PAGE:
15. That improvement defined in claim 14 characterized in that said insert member is formed of high strength material and includes a barrier at the inner end of the threaded hole therein limiting the distance said shank can be assembled thereinto.
16. A bonding assembly for use in providing a high-capacity high-strength bonding connection to a shielded cable having a tough plastic sheath, said bonding assembly comprising three principal separate components installable in sequence on a shielded cable having an aligned pair of holes through the shield and sheath thereof and which holes are spaced inwardly from generally aligned severed ends of the sheath and shield, said assembly comprising wide area inner and outer metal shoes having openings through the midportions thereof, said opening in said inner shoe being threaded, threaded shank means having a threaded end insertable through the hole in said outer shoe, then through the aligned holes in the cable sheath and shield and then threadedly into the threaded hole in said inner shoe after the latter has been inserted endwise beneath the cable shield from one end thereof, said threaded shank means being tightenable to compress the cable sheath and shield rigidly and tightly between said inner and outer shoes, thereby to utilize the mechanical strength of the cable sheath to provide a high-strength high-capacity bonding connection to the cable shield, the outer surface of said inner shoe and the inner surface of said outer shoe being complementary and being substantially parallel throughout their entire areas when assembled with said threaded shank means and the cable sheath and shield in the manner specified, and said threaded opening in said inner shoe having means for limiting threaded insertion thereinto of said threaded shank means to prevent damage to cable parts underlying the cable shield.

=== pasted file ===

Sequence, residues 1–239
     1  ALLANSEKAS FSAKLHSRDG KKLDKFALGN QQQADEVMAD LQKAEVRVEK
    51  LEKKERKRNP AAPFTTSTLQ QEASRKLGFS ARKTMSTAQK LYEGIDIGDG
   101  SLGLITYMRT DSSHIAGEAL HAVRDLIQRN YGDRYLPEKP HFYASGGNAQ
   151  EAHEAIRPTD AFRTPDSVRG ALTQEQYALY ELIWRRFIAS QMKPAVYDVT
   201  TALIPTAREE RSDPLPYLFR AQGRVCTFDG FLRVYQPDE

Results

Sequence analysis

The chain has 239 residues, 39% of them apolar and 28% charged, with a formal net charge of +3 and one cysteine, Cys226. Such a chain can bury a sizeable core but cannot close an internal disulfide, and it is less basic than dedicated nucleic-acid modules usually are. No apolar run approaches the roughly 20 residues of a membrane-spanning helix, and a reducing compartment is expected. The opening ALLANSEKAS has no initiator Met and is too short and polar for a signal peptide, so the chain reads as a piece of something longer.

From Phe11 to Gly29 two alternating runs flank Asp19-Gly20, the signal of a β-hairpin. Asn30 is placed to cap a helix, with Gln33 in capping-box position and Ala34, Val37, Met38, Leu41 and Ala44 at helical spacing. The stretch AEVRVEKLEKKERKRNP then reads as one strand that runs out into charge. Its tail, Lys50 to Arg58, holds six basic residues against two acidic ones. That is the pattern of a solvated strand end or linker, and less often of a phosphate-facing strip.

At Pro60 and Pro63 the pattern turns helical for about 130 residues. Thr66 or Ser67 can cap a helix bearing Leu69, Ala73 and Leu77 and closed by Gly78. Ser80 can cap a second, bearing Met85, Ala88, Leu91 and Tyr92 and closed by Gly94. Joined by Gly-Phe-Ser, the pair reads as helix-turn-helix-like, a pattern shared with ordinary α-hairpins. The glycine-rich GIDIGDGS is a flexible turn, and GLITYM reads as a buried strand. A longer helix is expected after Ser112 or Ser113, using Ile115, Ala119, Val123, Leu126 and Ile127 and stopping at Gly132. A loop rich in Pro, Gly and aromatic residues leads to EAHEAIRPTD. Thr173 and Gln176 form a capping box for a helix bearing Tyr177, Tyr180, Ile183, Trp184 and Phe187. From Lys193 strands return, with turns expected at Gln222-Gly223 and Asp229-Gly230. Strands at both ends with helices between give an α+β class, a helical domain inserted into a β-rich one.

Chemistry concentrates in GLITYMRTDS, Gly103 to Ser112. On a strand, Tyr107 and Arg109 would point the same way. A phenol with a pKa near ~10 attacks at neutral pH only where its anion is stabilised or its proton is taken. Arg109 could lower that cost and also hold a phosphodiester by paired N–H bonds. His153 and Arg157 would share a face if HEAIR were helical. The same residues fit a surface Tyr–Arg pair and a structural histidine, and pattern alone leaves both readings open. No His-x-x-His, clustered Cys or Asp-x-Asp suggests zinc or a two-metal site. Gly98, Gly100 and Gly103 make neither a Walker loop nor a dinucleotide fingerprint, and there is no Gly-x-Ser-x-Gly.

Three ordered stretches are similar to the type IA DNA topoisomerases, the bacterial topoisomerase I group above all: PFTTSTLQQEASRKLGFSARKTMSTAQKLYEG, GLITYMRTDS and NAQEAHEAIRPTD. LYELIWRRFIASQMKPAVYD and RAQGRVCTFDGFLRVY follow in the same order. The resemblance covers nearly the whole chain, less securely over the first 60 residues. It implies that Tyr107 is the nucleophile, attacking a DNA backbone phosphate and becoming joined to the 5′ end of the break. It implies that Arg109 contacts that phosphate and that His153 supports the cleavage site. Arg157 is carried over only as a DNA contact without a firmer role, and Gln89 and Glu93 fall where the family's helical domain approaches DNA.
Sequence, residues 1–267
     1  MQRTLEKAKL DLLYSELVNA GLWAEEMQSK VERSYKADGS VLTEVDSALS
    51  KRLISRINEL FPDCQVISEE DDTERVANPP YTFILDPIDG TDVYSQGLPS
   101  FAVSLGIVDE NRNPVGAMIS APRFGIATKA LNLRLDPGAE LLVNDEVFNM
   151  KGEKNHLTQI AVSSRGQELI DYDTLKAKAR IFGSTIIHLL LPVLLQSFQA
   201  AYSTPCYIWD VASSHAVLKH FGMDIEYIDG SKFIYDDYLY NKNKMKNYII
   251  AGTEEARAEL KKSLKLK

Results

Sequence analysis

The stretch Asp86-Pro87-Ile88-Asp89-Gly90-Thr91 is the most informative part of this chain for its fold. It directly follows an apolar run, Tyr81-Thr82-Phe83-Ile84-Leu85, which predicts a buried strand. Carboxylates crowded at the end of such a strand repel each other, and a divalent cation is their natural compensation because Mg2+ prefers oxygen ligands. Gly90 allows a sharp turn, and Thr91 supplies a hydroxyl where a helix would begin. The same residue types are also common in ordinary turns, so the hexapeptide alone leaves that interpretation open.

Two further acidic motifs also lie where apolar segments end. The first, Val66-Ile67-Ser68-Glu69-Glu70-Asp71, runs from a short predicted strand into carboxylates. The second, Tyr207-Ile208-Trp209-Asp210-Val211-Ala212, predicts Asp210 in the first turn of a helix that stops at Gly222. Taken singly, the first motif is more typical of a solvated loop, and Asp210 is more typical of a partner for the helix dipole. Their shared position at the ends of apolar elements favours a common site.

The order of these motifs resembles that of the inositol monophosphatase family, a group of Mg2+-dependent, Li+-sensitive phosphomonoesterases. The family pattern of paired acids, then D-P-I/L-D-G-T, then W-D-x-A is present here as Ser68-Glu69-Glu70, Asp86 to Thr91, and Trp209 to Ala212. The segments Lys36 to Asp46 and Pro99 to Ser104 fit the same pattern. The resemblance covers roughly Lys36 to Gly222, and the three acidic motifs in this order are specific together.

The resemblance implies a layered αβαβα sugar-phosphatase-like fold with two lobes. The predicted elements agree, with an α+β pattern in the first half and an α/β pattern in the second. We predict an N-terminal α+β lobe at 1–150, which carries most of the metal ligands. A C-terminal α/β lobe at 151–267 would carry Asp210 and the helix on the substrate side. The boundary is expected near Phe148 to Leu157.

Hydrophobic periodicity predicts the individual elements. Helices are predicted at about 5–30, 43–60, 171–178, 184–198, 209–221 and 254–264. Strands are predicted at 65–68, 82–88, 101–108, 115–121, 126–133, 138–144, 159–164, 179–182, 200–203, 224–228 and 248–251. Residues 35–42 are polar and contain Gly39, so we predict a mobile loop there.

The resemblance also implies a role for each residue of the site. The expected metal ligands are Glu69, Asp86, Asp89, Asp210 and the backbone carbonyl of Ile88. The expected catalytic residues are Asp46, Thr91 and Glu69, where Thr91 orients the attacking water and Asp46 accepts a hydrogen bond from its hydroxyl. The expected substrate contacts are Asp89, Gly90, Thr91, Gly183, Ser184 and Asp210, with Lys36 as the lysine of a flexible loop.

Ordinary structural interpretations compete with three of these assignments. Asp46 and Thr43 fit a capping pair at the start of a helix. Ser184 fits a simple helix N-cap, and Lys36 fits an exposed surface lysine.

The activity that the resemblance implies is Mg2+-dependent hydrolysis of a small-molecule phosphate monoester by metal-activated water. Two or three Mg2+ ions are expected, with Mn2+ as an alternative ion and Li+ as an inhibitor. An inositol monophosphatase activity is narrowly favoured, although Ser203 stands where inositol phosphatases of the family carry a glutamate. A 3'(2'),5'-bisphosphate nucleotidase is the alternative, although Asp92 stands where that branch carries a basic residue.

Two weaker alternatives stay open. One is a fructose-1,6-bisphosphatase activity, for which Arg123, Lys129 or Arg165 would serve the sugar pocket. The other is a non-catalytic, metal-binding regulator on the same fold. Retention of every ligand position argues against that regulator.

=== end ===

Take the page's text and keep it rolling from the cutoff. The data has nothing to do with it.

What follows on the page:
17. A bonding assembly as defined in claim 16 characterized in that said threaded shank means is threaded from end to end thereof and includes threaded nut means mounted on the end thereof remote from said inner shoe for use in clamping a grounding conductor thereto after installation of said assembly to a shielded cable.
18. A bonding assembly as defined in claim 16 characterized in that one end of said inner shoe projects outwardly beyond the adjacent end of said outer shoe when said kit is installed on a cable, and an anchor post fixed to the outwardly projecting end of said inner shoe for use in anchoring a grounding conductor to said bonding assembly.
19. A bonding assembly as defined in claim 16 characterized in the provision of a multiplicity of sharp burrs in electrical contact with said inner shoe and positioned to penetrate into the under side of a cable shield when said bonding assembly is assembled to a shielded cable.
20. A bonding assembly as defined in claim 16 characterized in the provision of a thin resilient metal shim seated against and facing toward the adjacent surface of said outer shoe when installed on a shielded cable, said shim having a multipicity of low height sharp burrs positioned to penetrate into a cable shield and make electrical contact therewith when said bonding assembly is installed astride a shielded cable.
Description

This is a continuation of application Ser. No. 295,509, filed Oct. 6, 1972, now abandoned which is a continuation-in-part of our copending application for U.S. Pat. Ser. No. 257,692, filed May 30, 1972, and now abandoned.